Though Fairly Forgettable, 'How I Knew Her' Is A Pleasant Listen
Published: Wednesday, February 13, 2013
Updated: Wednesday, February 13, 2013 23:02
An album of quirky, light, and earthen folk tunes, Nataly Dawn’s How I Knew Her is caught somewhere in between innovation and inconsequence. Its music is pleasant enough—at times, granted, overly eccentric—but it’s actually Dawn’s introspective and therapeutic lyrics that set her solo debut apart from other similar records that are quickly classified as coffee shop white noise.
The daughter of a pastor and a member of the YouTube duo sensation Pamplamoose, Dawn was quite obviously influenced by her past, both lyrically and musically, in the creation of How I Knew Her. Her tone is markedly spiritual, using her record as a cathartic liberation of a sort, but her style is purposefully distinct from her former project. Bright, airy vocals and bouncing acoustic melodies juxtaposed beside deeply reflective and religiously troubled words result in a sound that is most simply described as “girlishly mature.”
The songs “Still a Believer” and “Caroline” illustrate Dawn’s stylistic intentions best. For example, the former track is bubbly and fun, with skipping trumpets, a gamboling bass, and a frolicking piano strain, but the sound seems odd considering the track’s lyrics, as she sings: “Grandma says I’m going to hell / Cause I met a boy and we make rock music / And the trouble is I know she means well … And that’s why I’m still a believer / So if you ever meet my grandma / Don’t believe her.” Her frustration with her traditional upbringing is blatantly apparent here, as it is on “Caroline.” Her sprightly vocals sing about a girl who used to be “clean,” and who, now, is seen as “Something tarnished / Something borrowed, something used.” Nevertheless, Dawn says, “You look just the same to me / Yeah, I don’t see what they see.”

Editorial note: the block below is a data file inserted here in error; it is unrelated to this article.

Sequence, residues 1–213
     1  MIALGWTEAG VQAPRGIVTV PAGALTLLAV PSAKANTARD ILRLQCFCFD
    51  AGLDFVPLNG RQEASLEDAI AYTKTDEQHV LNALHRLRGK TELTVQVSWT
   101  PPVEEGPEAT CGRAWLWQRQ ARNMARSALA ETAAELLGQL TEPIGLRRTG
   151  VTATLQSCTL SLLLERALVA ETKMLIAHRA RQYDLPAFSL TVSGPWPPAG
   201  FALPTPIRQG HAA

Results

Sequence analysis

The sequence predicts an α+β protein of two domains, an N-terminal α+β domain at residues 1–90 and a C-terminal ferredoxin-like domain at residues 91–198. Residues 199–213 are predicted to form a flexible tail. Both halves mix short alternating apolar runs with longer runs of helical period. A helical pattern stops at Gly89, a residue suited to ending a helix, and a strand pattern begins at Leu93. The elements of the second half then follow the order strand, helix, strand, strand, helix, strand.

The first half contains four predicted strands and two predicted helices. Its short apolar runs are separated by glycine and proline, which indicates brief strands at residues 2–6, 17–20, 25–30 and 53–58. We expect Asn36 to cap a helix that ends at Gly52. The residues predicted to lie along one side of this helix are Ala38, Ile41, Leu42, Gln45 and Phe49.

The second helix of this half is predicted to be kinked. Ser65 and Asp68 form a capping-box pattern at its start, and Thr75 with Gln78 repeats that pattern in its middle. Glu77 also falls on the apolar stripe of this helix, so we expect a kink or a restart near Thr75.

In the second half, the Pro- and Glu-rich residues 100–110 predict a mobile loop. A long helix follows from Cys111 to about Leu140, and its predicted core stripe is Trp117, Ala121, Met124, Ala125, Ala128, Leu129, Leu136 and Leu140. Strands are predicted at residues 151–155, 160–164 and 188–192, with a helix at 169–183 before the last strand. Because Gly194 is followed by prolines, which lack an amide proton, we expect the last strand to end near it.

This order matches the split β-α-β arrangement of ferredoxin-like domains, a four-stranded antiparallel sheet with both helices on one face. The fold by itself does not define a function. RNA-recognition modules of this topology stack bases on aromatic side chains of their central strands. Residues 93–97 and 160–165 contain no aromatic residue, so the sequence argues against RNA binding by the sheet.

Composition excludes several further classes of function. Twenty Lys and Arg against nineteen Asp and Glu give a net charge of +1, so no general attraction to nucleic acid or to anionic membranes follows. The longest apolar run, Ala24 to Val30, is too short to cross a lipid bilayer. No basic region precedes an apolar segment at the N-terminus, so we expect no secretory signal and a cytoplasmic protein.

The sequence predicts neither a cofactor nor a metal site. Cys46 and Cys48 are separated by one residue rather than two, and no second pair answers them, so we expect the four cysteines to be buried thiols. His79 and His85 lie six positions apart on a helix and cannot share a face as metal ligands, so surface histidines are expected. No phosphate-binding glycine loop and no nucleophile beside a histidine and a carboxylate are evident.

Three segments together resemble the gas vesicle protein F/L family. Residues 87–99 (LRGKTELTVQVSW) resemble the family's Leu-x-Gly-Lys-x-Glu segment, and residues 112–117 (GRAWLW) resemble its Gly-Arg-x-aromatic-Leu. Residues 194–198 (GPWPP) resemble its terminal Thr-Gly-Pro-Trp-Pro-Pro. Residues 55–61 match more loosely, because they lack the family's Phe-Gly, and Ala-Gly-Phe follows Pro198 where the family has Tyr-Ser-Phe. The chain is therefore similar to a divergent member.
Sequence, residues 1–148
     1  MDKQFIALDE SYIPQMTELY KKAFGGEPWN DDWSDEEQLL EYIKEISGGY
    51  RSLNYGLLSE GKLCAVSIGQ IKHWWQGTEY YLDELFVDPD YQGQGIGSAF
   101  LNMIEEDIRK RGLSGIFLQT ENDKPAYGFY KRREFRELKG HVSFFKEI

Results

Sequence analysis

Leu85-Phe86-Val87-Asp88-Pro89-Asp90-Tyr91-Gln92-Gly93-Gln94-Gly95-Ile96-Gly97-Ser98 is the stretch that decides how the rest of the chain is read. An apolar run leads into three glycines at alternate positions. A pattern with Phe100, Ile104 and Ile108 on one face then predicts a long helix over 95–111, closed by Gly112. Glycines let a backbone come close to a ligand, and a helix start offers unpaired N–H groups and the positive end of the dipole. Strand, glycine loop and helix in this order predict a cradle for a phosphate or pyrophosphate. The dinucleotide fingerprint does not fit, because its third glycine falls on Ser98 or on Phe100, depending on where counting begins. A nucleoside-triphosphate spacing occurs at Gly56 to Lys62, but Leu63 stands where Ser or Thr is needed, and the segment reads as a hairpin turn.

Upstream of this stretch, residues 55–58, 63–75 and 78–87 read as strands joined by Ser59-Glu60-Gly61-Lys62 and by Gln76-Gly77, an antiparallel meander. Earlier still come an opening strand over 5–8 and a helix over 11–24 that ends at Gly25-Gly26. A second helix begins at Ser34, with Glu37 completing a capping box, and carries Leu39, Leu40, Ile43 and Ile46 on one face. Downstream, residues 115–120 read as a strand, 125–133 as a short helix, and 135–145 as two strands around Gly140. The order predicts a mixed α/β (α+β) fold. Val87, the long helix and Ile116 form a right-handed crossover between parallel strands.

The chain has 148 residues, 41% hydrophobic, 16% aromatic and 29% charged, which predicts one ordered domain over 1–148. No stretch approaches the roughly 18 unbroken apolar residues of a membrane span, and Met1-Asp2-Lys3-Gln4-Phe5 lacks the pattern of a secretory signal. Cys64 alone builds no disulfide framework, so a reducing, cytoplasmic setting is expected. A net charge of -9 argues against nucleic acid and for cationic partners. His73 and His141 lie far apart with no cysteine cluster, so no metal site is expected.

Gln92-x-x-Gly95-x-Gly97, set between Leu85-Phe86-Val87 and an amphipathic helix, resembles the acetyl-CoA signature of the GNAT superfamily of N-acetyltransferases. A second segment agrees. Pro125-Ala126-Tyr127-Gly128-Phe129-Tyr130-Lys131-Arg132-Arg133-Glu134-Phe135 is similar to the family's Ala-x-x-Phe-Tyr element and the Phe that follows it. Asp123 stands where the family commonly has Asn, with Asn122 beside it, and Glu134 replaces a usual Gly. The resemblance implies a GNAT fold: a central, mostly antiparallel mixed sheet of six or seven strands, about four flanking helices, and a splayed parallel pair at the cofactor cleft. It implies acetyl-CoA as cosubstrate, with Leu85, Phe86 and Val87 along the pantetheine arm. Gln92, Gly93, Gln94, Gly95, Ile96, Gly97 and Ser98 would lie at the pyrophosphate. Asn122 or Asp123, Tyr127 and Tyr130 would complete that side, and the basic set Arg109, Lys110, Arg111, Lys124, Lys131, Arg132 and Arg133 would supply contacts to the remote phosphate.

There are certain facets of the record, though, that are notable for more than their lyrics—songs like the title track and “Even Steven” are far from musically forgettable. “How I Knew Her” builds slowly—it’s essentially barren in the beginning, but by the end, the song is both menacing and thrilling, with sharp, twanging violins and persistent, bluesy chords that emerge after nearly two minutes of anticipation and suspense. In “Even Steven,” however, Dawn wastes no time in leaping into a frisky, dogged, and slightly intimidating rock progression.
On these last two tracks, as well as on others, Dawn’s style is influenced, to varying degrees, by the blues. How I Knew Her’s “Please Don’t Scream,” for example, has an incredibly jaunty and vintage rock sound, complete with sliding guitar riffs and licks. “Back to the Barracks” has a comparable vibe, but it’s a wholly different song. Stripped down and bare, its somber, serious tone fits well with its ominous, deep, and uneven guitar line.
Similarly raw, the album’s closing songs are stunningly poignant and emotive, despite their melancholy character. With waltzing pianos and swelling strings, Dawn’s “Why Did I Marry,” finds the singer-songwriter at her absolute best—she’s sweet even when she’s entirely serious. The last piece of How I Knew Her, “I Just Wanted You to Get Old,” is just as lovely. A tender apology to a loved one who has passed away, the song is little short of flawless and beautiful. It’s the perfect end to How I Knew Her, showcasing Dawn’s delicate, gentle vocals, honestly unembellished, style, and meditative inquisitive lyrics.
With its unavoidable oddities and patent philosophical bend, some listeners, ultimately, may be turned away by the very features of How I Knew Her that make it especially unique. It’s the sort of record that’s so musically pleasant that forgetting it is easy, almost, natural—at least, though, it challenges listeners to think and reflect a bit before they do.